The tree to the left is a Bradford Pear treated with TGR and is holding well. The darker leaf color is indicative of TGR treatment.

Vegetation Management Improves Service

June 16, 2021
By making changes to its vegetation management program, MTE is improving power reliability for its members.

To maintain a 2200-square-mile service territory with 14,000 miles of line, vegetation management takes center stage at Middle Tennessee Electric. Founded in 1936, the Murfreesboro, Tennessee, utility has grown to serve more than 600,000 Tennesseeans and is now one of the largest electrical cooperatives in the nation.

Its vegetation management (VM) services and programs not only maintain safe and secure rights of way (ROWs) but also keep members informed about the importance of VM. MTE’s management and the board of directors understand the relationship between a good ROW maintenance program and reliability, which has been invaluable to the success of the MTE VM division.

Over the past year, its VM division — whose overall program has been accredited by the Arbor Day Foundation’s Tree Line USA Program — has been hard at work navigating a variety of changes designed to not only enhance operations and reduce costs but also to strengthen service to its members throughout its service territory. 

Joining Forces to Streamline Operations and Service

In mid-2020, MTE made the strategic decision to pursue and complete a merger with Murfreesboro Electric Department (MED) — a city-owned electric provider for the City of Murfreesboro in the center of its service territory.

Because of their proximity to one another, both MED and MTE recognized a duplication (and the continued potential for additional duplication) with substations, feeder lines and other aspects of their services. For example, MED provided service up to the Murfreesboro city limit while MTE served members in Rutherford County just beyond it. As it stood, both areas would require separate substations feeding those loads.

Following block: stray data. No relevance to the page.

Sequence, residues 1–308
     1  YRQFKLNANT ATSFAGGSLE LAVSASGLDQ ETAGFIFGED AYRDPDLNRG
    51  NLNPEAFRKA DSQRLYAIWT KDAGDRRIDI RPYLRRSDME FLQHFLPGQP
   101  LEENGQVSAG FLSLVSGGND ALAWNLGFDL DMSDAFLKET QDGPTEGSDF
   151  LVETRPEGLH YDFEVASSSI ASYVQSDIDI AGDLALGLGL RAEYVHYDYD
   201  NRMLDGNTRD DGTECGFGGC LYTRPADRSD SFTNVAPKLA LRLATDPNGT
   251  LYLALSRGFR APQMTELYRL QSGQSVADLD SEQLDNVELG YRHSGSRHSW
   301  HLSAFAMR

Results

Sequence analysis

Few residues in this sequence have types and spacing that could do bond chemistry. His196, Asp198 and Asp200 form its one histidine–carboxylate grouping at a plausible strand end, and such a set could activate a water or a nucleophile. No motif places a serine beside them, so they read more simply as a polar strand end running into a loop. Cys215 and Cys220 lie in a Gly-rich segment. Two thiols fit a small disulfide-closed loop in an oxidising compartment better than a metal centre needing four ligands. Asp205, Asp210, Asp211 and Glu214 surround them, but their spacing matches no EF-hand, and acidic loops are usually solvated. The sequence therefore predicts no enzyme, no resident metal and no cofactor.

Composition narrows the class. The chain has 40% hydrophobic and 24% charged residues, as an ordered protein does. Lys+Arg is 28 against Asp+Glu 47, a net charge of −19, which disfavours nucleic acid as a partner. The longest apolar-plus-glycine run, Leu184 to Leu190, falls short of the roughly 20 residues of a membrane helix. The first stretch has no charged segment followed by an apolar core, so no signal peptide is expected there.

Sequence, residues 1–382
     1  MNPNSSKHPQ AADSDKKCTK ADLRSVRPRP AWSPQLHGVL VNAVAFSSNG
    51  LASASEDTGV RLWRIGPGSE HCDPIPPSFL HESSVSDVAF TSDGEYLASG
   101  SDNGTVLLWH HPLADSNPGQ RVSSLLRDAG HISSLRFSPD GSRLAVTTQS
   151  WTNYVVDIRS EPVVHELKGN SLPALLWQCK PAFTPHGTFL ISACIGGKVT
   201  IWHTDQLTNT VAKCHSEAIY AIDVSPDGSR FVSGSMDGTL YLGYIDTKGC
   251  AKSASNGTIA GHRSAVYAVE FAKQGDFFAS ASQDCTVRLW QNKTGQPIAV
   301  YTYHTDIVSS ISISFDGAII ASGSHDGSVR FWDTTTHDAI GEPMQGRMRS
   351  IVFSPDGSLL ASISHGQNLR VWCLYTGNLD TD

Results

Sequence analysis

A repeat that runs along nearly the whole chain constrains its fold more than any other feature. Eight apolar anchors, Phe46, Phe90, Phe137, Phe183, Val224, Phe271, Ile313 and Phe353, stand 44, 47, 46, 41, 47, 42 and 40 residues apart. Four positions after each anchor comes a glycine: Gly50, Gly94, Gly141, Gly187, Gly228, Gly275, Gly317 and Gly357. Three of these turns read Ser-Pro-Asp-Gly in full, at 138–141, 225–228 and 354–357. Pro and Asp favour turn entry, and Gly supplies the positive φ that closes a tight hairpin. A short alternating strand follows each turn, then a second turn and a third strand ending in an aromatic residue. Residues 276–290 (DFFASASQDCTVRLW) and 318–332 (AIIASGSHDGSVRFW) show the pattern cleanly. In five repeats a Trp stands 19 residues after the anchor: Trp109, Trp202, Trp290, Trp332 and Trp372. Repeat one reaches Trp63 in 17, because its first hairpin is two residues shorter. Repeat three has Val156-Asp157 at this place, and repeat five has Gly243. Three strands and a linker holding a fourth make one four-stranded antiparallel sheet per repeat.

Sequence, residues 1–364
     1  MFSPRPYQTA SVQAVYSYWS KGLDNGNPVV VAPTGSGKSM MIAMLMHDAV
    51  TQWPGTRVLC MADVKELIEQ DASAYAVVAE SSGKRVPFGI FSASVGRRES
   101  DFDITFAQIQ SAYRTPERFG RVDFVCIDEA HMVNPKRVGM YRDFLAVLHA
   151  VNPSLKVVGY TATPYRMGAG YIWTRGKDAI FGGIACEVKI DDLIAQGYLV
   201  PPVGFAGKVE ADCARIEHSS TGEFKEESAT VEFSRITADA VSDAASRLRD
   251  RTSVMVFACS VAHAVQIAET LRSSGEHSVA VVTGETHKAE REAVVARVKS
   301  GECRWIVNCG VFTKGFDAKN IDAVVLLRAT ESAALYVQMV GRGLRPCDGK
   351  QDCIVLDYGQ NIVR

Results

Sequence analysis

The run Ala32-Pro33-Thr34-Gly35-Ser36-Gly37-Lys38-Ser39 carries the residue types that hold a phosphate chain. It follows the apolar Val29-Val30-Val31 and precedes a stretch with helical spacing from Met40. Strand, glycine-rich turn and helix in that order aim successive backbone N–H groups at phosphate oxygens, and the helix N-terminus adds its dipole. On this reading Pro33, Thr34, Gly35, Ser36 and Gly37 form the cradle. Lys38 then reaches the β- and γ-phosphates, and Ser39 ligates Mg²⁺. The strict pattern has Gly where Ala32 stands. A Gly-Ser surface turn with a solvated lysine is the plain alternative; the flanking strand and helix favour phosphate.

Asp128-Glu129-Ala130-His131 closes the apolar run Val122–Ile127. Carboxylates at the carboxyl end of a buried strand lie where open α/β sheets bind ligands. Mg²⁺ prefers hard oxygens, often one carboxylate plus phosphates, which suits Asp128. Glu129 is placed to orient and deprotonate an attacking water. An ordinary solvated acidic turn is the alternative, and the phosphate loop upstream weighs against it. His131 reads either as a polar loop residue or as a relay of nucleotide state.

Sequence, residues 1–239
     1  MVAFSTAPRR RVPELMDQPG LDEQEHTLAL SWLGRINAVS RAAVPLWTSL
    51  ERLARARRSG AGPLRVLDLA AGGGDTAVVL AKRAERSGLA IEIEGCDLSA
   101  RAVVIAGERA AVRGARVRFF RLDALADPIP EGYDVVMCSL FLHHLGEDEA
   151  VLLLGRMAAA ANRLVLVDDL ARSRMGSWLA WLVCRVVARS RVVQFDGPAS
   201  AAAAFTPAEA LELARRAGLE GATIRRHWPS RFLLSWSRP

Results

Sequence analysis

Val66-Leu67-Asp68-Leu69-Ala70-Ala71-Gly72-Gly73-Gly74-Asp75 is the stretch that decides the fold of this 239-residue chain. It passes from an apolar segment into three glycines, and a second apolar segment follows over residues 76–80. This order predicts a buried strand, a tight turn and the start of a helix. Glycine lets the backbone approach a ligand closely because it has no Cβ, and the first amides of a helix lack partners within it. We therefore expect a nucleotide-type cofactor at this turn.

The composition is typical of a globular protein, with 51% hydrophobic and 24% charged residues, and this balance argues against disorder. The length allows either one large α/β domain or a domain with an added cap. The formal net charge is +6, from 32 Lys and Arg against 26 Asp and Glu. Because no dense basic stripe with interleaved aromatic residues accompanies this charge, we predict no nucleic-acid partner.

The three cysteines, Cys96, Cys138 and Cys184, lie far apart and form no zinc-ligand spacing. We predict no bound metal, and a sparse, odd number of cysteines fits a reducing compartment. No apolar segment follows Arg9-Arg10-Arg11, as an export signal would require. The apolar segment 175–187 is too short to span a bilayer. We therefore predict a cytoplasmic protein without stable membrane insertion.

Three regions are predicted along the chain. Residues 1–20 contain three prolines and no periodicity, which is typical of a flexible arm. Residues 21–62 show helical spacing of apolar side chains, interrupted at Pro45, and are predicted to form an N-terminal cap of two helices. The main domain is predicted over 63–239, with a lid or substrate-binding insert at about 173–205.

Both utilities recognized that as a unified organization, they would be able to continue serving membership while reducing costs associated with these duplications. Additionally, combining their teams resulted in a larger and stronger workforce, creating more opportunities to proactively serve and support their membership.

The merger was completed in July 2020. Because of the nature of their work, most MTE and MED employees were already familiar with one another and had a solid working relationship, which made the transition seamless. On the VM side, both utilities’ ROW departments began working to consolidate efforts and accelerate progress on ensuring reliable power distribution for members.

In addition to strengthening its team, MTE continues to offer a 24/7 monitoring service where members can call in to report and get updates on power outages. MED members who have become part of the MTE family can now take advantage of this as well as participate in its annual meeting where they have a direct say in governance.

Extending Pruning Cycles

Today, the unified team is making rapid progress on a new pruning cycle. Currently, MTE is on a six-year cycle with a two-year mid-cycle pruning. With the help of its utility vegetation management (UVM) partner, ACRT, the utility is working to extend this cycle to a three-year mid-cycle prune. The aim is two-fold: to reduce costs associated with VM along the ROW and lines and to reduce the frequency in which MTE is conducting work on members’ properties.

On the current two-year mid-cycle prune, members’ perception is that any required pruning work was only just recently completed — and now MTE is back for more. Increasing the amount of time between mid-cycle pruning will help to reduce the frequency of possible property damage, customer frustrations and other related challenges.

To achieve this goal, MTE has leaned on tree-growth regulators (TGR) as part of its ROW strategy. This effort has allowed them to keep the trees in a holding pattern following a pruning cycle. The year after conducting pruning, MTE applies TGR, which remains in the trees for three to five years. To ensure this part of the strategy is being conducted properly, MTE leans on its UVM partner to conduct quality control checks on pruning and TGR application.